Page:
What is the meaning of the Universe? A thousand years from now, our computers still will not be answering such questions. Other types of questions are theoretically answerable, but they may require an impossible amount of resources in practice. Where, then, is the dividing line between the possible and the impossible in computation?
To find out, researchers from around the globe, including scientists in the Weizmann Institute’s Faculty of Mathematics and Computer Science, try to figure out the resources needed to solve particular problems. A problem is considered solvable, for instance, if the amount of processing it requires is linear (or even squared) in relation to the length of the input. But when the computation process grows exponentially in proportion to the data, it soon becomes unsolvable in practical terms.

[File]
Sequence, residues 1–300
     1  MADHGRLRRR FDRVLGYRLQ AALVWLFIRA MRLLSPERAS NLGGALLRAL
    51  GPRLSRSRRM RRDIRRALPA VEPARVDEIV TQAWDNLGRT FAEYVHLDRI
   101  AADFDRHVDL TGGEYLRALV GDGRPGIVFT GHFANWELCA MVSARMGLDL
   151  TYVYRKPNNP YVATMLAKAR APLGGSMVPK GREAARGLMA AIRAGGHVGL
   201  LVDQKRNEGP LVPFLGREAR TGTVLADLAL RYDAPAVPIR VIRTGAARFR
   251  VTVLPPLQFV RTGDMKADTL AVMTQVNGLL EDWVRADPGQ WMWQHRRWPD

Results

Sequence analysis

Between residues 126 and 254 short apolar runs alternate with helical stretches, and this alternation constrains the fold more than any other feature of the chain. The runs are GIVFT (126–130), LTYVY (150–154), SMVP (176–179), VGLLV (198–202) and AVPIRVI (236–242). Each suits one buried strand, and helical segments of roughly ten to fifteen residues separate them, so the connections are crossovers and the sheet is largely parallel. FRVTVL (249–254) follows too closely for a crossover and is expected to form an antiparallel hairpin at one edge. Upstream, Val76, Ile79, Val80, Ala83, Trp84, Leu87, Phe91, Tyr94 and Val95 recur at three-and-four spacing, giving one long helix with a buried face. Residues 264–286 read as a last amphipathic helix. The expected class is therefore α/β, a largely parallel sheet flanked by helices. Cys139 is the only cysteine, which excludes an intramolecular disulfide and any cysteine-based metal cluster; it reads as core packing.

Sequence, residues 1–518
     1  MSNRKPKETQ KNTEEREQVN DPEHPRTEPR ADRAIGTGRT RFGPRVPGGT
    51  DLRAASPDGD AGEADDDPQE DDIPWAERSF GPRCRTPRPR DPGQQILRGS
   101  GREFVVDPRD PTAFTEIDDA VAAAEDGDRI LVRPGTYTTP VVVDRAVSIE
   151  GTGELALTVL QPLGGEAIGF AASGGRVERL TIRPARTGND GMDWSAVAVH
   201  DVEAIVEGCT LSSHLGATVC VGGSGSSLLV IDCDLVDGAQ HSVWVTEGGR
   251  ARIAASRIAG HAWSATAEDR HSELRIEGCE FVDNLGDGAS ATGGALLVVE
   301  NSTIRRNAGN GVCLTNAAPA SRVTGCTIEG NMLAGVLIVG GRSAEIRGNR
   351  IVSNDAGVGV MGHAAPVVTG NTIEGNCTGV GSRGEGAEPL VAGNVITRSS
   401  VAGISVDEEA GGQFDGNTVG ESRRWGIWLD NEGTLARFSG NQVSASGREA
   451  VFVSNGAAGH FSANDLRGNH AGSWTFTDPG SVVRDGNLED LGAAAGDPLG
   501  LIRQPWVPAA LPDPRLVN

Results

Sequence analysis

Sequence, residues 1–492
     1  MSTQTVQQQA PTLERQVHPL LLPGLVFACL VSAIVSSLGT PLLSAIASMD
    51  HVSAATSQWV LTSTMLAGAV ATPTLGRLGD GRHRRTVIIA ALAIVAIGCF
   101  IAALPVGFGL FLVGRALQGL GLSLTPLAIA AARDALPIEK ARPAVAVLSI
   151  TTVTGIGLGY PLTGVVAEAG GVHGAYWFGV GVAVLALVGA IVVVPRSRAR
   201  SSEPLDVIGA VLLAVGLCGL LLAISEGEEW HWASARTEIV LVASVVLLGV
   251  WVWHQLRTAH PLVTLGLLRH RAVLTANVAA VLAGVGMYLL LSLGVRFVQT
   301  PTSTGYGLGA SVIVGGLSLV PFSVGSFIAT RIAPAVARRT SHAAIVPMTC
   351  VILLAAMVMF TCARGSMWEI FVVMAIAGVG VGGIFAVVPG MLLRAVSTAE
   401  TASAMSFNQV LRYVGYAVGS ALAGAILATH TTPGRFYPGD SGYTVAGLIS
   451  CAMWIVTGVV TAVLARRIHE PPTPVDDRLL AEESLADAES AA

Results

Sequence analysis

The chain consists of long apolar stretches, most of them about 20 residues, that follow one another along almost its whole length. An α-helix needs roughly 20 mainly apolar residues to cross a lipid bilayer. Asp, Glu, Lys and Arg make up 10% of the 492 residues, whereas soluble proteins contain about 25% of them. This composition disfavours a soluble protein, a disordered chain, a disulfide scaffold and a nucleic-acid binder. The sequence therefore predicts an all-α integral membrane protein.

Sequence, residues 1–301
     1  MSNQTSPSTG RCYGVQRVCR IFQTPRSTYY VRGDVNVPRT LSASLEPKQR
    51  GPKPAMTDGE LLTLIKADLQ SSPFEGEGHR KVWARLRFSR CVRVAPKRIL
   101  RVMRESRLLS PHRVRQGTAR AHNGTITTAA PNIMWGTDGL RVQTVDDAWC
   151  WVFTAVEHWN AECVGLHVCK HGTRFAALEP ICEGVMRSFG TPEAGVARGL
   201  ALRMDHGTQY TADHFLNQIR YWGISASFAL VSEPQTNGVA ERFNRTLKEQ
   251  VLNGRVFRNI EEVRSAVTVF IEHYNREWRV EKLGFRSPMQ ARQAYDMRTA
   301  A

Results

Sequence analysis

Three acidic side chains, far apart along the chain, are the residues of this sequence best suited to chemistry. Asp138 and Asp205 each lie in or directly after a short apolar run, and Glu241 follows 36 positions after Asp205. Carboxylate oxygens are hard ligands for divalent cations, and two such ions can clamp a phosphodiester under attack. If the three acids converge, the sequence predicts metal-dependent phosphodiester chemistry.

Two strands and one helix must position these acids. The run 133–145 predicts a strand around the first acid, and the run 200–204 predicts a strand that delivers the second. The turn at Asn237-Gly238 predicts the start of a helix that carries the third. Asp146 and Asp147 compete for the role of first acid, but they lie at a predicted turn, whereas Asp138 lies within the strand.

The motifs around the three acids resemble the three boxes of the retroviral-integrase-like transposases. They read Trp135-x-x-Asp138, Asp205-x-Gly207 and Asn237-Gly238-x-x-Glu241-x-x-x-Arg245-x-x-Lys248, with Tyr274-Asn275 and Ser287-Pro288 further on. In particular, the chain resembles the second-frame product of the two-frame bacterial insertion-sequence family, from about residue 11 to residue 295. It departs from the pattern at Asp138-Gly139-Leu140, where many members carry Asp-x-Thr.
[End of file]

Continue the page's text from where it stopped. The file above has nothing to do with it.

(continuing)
According to Prof. Ran Raz, one way to begin the search for the dividing line is based on the consideration of “weakened” or “simplified” models for solving various problems. These might give researchers tools to advance, step by step, toward an understanding of more general models for solving problems.
Prof. Irit Dinur tests questions that cannot, as yet, be answered. If any solutions were to be found, however, her research would help us decide whether they are correct. (When we verify a solution – even one that is not ours – we verify that the problem can be solved.) She develops algorithms that represent the solution in such a way that its veracity can be tested through checking a small number of its elements. Thus each piece of the new representation contains information on the correctness of the entire solution.
Prof. Ran Raz is Director of the Moross Research School of Mathematics and Computer Science.